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Chaucer and His Past Time
Having traveled the world, I can see why and how Chaucer might fulfill the endless travel time formulating stories for his “Canterbury Tales”. How easy it might be to incorporate a local ledgin from some far away land into a tale to be told by one of his mismatched traveling band of companions.
Chaucer was from a wealthy family and most likely attended a well respected school for his education. As a young man he became a page to Lionel, Duke of Clarence. He served in the military and traveled aboard on official royal business. We know he was a diplomat and was in Italy, Spain and France.
Can one even imagine how long the trips must have been? Days and days in an old buggy or upon a horse, hours up on hours of looking out at forests and farm lands until your ready to scream. The mind of a writer would roam, slip off, to work on an over heard story from the last inn. Change it here and there; fit it into his Canterbury Tales.
Chaucer the traveler, a story about travelers, yes he wrote about what he knew. He assembled “twenty-nine assorted Travelers” (pg 1701) in an inn for a trip together. He gives us a broad range of travelers from a Knight to a Weaver, which one might expect to find in an inn along the road traveling. This allows for a wide range of stories that can be told on their long ride together.
You can see Chaucer in the role of the Host of the inn that decides to accompany the travelers on their journey, placing him in the position to hear and judge all the stories. He may vary well have created some such game with his real life traveling companions to pass the time on trips. How to make a long day on the road go by faster, listen to an interesting story and before you know it your there. Do we not have DVD's in our mini-vans now days?? To keep the kids occupied on trips, nothing new. Only then it was the old fashion form of a DVD, a word of mouth story and not something to be watched.
By placing himself in the position as host/judge he allows himself to listen fully and capture the entire story to memory and write about it at a later time, maybe that night at an inn, at his designation or even at home after he's returned from a trip. Either way he's free to listen, free to build and change on the stories he's heard along the way.
Since he's got twenty-nine travelers, each telling two tales, one going and one coming home from Canterbury he's got (our book is un-clear on this point. On page 1698 in the back ground about Chaucer it states 120 stories, “agree to tell two tales each, one while going to and one while returning from Canterbury.” On page 1701 in the Prologue it states “twenty-nine assorted Travelers” that makes (29x2=58) fifty-eight stories)(Wikipedia said they are were suppose to tell two going and two coming back, that makes the 120, of course why the host/judge is telling a story I don't understand) lots of lee-way in what he decides to write about. Having a wide range of society on the trip also allows for a wide range stories that can be included. He could include a story about a lay person he met along the road as well as reflect about some aspect of the upper class to which he belonged and it would fit into the frame work of the Canterbury Tales.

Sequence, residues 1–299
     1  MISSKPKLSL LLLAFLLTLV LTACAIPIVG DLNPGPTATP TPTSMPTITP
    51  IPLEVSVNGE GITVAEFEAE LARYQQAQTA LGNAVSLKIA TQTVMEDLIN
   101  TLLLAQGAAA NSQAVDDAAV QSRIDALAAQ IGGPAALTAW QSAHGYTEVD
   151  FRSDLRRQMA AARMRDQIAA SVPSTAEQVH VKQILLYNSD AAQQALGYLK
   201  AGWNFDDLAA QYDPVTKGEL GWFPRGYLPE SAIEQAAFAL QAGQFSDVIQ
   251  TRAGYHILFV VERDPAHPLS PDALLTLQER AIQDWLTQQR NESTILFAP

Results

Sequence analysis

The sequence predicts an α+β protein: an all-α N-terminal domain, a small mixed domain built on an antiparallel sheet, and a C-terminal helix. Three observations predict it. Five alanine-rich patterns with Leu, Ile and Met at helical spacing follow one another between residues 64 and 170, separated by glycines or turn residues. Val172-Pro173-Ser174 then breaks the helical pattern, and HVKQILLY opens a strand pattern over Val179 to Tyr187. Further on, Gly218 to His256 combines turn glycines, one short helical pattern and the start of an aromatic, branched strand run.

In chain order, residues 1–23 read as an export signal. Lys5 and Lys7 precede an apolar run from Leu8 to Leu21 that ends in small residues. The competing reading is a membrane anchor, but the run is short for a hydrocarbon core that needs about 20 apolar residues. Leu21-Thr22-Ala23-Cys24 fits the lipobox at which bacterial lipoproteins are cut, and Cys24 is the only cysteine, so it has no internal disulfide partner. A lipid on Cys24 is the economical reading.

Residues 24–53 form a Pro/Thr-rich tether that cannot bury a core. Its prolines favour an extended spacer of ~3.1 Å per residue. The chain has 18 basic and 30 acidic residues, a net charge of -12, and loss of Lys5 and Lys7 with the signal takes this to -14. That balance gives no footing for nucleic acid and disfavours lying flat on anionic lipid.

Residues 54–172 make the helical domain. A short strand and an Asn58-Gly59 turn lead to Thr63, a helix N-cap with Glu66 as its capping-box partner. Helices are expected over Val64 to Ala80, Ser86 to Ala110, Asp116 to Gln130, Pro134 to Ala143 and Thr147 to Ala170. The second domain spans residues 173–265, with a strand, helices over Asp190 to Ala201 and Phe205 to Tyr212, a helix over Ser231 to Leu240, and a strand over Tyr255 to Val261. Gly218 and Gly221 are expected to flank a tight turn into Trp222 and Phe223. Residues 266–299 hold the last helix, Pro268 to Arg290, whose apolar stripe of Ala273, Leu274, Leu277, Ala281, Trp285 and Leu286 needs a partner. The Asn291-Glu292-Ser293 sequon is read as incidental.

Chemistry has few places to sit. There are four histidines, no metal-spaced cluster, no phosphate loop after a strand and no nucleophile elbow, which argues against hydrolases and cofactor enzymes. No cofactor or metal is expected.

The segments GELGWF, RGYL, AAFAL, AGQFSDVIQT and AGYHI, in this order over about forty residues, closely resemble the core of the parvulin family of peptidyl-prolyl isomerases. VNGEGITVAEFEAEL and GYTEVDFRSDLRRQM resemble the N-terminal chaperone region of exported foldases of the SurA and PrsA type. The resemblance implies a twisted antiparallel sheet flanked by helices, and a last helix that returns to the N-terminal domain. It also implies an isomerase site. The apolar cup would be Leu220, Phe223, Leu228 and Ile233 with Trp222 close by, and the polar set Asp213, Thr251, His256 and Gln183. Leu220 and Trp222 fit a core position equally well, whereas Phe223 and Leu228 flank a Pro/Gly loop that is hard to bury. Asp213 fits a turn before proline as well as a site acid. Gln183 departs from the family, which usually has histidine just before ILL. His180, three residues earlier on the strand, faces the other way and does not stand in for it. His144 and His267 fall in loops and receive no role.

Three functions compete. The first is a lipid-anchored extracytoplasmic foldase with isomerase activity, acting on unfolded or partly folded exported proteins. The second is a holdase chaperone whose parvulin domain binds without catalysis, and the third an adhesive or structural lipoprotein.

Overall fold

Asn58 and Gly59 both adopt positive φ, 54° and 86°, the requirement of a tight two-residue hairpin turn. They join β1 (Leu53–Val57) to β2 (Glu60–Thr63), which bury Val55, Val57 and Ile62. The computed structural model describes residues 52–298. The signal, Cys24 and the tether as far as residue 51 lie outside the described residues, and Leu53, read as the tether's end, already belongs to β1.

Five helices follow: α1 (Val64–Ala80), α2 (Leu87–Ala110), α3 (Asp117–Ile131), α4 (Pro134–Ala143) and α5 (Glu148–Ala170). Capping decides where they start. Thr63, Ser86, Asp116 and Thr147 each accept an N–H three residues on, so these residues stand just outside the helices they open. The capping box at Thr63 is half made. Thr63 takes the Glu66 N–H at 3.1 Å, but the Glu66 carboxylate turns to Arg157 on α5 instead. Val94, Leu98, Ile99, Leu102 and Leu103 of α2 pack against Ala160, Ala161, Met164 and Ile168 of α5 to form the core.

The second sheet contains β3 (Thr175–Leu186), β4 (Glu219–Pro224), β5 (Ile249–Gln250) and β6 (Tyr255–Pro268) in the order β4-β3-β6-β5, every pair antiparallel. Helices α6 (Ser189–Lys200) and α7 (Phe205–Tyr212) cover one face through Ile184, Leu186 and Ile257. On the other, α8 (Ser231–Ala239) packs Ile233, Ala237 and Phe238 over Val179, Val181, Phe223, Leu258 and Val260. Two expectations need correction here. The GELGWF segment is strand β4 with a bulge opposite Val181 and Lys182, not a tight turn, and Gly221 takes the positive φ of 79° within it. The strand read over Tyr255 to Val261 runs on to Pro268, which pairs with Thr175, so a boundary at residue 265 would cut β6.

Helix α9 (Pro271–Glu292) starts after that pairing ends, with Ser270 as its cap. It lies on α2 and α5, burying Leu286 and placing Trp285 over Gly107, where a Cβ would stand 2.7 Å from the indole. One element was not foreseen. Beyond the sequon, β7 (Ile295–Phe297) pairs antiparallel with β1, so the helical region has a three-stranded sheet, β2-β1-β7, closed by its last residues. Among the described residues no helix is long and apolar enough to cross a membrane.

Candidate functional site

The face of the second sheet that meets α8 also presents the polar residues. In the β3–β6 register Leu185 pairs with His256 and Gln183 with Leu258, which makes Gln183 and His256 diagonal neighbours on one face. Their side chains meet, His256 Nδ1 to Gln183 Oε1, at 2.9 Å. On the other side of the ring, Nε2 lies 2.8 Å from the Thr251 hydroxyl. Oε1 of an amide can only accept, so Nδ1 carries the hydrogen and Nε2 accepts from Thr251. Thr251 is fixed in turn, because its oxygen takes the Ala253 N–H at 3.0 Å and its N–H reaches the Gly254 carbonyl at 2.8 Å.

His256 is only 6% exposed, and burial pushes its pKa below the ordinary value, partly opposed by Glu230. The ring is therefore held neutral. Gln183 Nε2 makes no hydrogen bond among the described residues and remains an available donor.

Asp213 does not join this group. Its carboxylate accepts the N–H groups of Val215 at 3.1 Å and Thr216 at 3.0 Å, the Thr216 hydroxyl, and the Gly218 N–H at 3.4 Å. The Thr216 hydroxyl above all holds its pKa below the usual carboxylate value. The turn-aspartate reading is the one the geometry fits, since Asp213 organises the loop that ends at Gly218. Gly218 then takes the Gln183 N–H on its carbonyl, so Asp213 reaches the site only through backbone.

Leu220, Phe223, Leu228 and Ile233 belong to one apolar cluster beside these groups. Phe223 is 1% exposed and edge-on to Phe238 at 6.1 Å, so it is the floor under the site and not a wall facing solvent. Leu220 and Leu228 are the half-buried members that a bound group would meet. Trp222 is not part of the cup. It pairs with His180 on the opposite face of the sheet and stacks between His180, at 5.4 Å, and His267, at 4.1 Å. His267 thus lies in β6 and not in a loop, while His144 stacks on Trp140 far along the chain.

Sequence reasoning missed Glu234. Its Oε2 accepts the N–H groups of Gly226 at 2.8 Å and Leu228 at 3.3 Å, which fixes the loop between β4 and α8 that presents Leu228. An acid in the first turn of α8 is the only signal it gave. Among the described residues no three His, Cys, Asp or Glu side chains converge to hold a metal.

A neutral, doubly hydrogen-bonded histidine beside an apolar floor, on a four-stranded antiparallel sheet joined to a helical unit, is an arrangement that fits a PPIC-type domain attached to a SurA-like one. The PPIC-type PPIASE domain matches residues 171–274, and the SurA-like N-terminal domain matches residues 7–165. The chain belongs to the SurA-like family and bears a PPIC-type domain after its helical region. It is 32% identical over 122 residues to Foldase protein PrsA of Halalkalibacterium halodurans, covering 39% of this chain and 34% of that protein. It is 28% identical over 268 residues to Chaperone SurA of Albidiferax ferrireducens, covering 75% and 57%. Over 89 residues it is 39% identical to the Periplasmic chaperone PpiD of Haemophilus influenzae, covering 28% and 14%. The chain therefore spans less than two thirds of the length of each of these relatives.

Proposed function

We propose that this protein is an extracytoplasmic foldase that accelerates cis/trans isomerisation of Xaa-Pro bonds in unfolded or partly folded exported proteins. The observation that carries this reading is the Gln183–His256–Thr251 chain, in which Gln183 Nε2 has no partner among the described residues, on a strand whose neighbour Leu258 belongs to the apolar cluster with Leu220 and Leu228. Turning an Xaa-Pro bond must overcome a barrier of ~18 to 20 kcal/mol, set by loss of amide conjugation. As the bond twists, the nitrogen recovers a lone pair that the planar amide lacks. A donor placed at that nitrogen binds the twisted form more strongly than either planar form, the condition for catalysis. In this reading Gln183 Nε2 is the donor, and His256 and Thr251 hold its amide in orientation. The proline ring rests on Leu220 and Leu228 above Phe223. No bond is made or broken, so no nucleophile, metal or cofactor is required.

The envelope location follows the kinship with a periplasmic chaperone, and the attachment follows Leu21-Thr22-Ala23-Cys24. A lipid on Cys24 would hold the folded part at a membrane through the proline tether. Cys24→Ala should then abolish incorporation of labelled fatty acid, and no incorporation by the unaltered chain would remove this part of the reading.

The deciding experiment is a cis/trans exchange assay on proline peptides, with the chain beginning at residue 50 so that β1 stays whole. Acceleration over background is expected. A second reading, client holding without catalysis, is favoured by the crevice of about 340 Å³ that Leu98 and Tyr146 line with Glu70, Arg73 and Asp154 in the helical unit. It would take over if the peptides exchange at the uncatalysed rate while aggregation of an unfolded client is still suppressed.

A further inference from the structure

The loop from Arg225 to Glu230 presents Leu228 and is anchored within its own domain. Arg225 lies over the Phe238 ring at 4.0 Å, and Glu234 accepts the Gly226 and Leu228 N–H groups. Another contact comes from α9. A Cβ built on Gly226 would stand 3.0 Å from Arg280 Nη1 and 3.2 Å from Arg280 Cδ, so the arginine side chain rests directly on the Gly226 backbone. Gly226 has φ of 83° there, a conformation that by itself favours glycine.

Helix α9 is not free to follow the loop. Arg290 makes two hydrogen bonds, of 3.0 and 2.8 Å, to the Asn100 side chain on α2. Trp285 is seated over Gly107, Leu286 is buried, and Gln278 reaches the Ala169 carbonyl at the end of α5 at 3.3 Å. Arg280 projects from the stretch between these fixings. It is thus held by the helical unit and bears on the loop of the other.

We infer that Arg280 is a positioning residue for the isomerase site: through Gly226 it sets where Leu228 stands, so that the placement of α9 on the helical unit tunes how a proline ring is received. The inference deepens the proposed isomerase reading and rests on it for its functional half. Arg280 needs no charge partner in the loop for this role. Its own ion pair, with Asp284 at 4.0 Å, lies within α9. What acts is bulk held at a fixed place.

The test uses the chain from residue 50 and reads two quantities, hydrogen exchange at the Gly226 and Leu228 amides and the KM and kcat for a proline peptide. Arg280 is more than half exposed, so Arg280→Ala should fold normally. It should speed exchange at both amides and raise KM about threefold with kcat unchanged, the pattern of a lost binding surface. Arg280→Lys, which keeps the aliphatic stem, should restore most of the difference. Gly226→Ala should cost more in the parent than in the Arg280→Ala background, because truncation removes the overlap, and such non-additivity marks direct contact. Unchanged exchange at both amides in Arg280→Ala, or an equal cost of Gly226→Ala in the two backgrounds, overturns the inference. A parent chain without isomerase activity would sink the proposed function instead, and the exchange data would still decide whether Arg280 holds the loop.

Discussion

What fun it must have been, to sit back and hear local stories of something someone had done or over heard. He could have just as well of made-up stories about his fellow travelers on any one of his trips, just to pass the time. We use to play that game, go to the mall and sit at the food court and watch the shoppers. Someone picks a person and you create a life, a story about what they are doing or why they are at the mall shopping and then share it with your friends, something to pass the time of day when you're bored. Chaucer may well have created the game for us with Canterbury Tales.
One can only guess at why Chaucer wrote the Canterbury Tales the way he did. My first response was bedtime stories, but I just couldn't see some of these “Tales” as appropriate for children. But given cultural changes what was appropriate then may not be now. I would like to think he did it as a means of sharing an adventure with his wife when he got home. To come home from a long tiring journey, have a good hot home cooked meal and sit in front of the warm roaring fire, and tell your beloved wife a new story. Give her something to look forward to upon your return. What a treat that could have been, to look forward to a new story, a new adventure after weeks alone sweeping out the dark and dinghy castle. (I know I always wanted to hear about what my husband did when he returned from teaching trips, where did you go, where did you eat, what was Studio 54 really like. Would his wife be any different, I don't think so).
Given Chaucer education and his job as a diplomat one thing is clear, he did a lot of traveling. And he certainly had a lot of time on those trips to come up with the stories he wrote about. Where they came from, who knows, not really important. What is important is that he showed a sense of humor and wit in his stories that appeal to people across the board and give us a view of what medieval life was like from all of side's society not just his.